Black Men's Problem With 'Scandal': Interracial Dating

Jamilah Lemieux at Ebony magazine has a hunch that some black men's resentments about interracial dating lie at the crux of their opinions of Scandal and the black women who adore the show.

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Still of Scandal (Richard Cartwright/American Broadcasting Companies)

Jamilah Lemieux at Ebony magazine has a hunch that some black men's resentments about interracial dating lie at the crux of their opinions of Scandal and the black women who adore the show. That's the real reason they didn't lose any sleep over Kerry Washington's Emmy loss. 

Let's go back to last month, when Kerry Washington lost the 2013 Emmy for "Best Actress" to Homeland'Claire Danes. Many people, most of them Black women, cried foul—and it was safe to say that a lot of those complainers had never seen Homeland. Yet, it's easy to feel like "Once again, a Black person isn't getting her due."  She would have been the first Black actress to nab that award and considering that she's the first Black woman to be the lead on a drama in 40 years, it should be no surprise that there were people who look like her have become emotionally invested in her success.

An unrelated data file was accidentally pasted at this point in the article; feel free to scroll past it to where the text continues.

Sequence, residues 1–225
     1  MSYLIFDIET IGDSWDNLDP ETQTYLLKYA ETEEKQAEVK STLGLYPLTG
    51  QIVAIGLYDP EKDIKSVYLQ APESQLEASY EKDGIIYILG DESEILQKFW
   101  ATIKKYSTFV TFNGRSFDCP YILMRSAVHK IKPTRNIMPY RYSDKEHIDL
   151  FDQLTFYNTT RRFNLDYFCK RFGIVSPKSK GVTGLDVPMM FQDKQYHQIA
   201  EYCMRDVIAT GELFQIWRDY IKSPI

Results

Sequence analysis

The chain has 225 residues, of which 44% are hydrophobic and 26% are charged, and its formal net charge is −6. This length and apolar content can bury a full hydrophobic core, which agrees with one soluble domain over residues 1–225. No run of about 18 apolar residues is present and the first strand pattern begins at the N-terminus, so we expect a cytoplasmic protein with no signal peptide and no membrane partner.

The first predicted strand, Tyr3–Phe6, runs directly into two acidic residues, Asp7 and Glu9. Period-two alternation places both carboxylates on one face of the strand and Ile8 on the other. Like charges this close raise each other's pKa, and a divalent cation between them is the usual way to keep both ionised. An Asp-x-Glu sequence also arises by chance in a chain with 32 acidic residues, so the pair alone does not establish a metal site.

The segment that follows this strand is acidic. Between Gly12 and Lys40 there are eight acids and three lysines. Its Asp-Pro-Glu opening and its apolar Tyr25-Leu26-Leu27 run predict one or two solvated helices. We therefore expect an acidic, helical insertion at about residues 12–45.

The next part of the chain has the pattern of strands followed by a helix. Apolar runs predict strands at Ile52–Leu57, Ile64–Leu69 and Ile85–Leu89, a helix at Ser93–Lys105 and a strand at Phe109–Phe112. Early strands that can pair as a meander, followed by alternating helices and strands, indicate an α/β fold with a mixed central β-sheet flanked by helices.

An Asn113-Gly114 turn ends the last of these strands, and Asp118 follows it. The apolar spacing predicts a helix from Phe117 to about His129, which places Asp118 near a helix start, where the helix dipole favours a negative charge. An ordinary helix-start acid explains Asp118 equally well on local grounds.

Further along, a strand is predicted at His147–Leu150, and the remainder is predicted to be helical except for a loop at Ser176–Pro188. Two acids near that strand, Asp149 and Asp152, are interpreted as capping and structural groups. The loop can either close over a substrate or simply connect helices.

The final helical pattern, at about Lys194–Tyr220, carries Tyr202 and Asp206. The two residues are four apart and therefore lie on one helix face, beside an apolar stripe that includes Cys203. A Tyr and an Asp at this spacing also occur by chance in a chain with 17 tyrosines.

That considered, it was hurtful to see Black men on blogs and social media break their fingers to explain why Kerry Washington didn't deserve that statue. When brothers grumble about a Black man getting passed over for something, we're usually grumbling too. When Kanye West was bumrushing award shows on his own accord pre-Swiftgate, we didn't spend time breaking down why he didn't deserve to win in the first place ...

Instead, I am here to say that we can have a healthy two-way conversation.  We can move the needle forward. Brothers, that means being willing to put everything on the table and being honest about your emotions—and for some of you, that means admitting that the 'love is love' attitude you claim to have about mixed couples can be challenged when it isn't Black man doing the mixing. (Welcome to the Mixed Feelings club!)  But berating us or deliberately trying to make us feel bad because youfeel bad and don't want to/don't know how to articulate that? That's not productive and it's certainly not fair. 

Read Jamilah Lemieux's entire piece at Ebony magazine

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